What You Need To Know Before Riding an E-Scooter
By now, you’ve probably seen a few people cruise by on an electric scooter. They may have been a few teenagers on their way to a friend’s house, somebody using the vehicle as a new way to commute to work, or maybe it was even yourself doing the riding. E-scooters have become common in many cities across the United States, with industry leaders Bird and Lime reporting millions of rides so far.
What Are E-scooters?
But, while e-scooters might be revving up in terms of popularity, new technology brings new complications and new concerns.
E-scooters are not to be confused with mopeds or Vespa-like scooters, which allow users to sit, and travel at relatively high speeds. Rather, e-scooters are operated while standing up and often cannot go faster than 15 to 20 mph. Users get started by downloading an app that will help them find a nearby e-scooter. They can then unlock the vehicle for an initial starting fee with total payment being calculated according to either distance traveled or how long the user rides the scooter.
E-scooters are usually dockless and operate like dockless bike-sharing programs with users able to find and park the vehicles in a wide variety of locations. E-scooters often do not require the operator to have a driver’s license.
Know the Risks and Rules
While operating an e-scooter, users are required to obey state and local traffic laws, but these can vary greatly depending on where you live or where you’re riding. Some jurisdictions have implemented laws pertaining specifically to e-scooters that limit where they can be ridden and how fast they can travel, so make sure you are familiar with the local rules before you take a ride.
Even if you are certain that you’re not breaking any laws, operating any type of motor vehicle, even an e-scooter, brings a certain amount of risk. E-scooters might not travel as fast as cars, but even at speeds as low as 15 mph, an accident involving a rider, pedestrians or other motor vehicles can lead to serious injuries including broken bones, head injuries and soft-tissue injuries.
If you plan to use an e-scooter, consider these safety tips before hopping on:
- Wear a helmet: Helmet use is encouraged by e-scooter companies. Wearing a helmet could mean the difference between life and death if you get into an accident.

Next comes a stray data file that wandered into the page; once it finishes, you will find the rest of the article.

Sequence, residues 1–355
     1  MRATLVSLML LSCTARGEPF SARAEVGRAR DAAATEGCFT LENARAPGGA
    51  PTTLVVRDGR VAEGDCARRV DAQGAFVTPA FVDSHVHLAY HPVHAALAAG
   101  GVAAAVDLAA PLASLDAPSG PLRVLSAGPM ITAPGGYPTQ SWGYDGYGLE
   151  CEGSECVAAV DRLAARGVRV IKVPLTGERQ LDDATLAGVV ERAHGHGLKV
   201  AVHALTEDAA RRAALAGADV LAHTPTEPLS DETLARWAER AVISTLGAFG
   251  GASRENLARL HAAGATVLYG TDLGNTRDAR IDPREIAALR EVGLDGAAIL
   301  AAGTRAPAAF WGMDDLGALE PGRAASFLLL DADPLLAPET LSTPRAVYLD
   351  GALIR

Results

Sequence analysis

- Take a test ride: Just because you may have ridden a non-motorized scooter in the past doesn’t mean that you’ll be a master at operating an e-scooter. It’s a good idea to practice turning, starting, stopping and maneuvering around obstacles in an open space or empty parking lot before you ride in an area with behicle or foot traffic.
- Avoid headphones: While operating an e-scooter, it’s important to be able to hear potential hazards. Make sure that you’re aware of what’s going on nearby and can hear other vehicles and pedestrians around you.
- Take your time: Especially when going downhill, e-scooters can pick up speed very quickly. Don’t hesitate to use your brakes.
- Don’t drink and scoot: Using an e-scooter may seem like an attractive option for getting home from the bar, but operating any vehicle while under the influence is dangerous. Operating an e-scooter while intoxicated puts you and others at serious risk.
Where Does the Finger Point?
With e-scooters still being a relatively new form of transportation, many insurance companies are still inconclusive on how coverage and liability applies to accidents and injuries caused or suffered by riders.
You may be riding at your own risk when you step onto a scooter, so it’s important to know whether you’re covered under your own insurance policies. Your homeowners and auto insurance policies may have been created before the rise of e-scooters, so there may be no mention of the devices.
What Does Your Insurance Cover?
A standard homeowner policy does not cover motor vehicles, and standard personal auto insurance policies exclude liability coverage for vehicles with less than four wheels—e-scooters generally have two. Motorcycle insurance also might not cover e-scooters. Personal liability umbrella insurance policies provide coverage for incidents excluded from underlying insurance policies, and thus may provide coverage for e-scooters. It is important to know the specific details of your homeowners and auto policies before you can count on coverage for an injury or accident involving an e-scooter. Contact GDI Insurance Agency, Inc. today for more information
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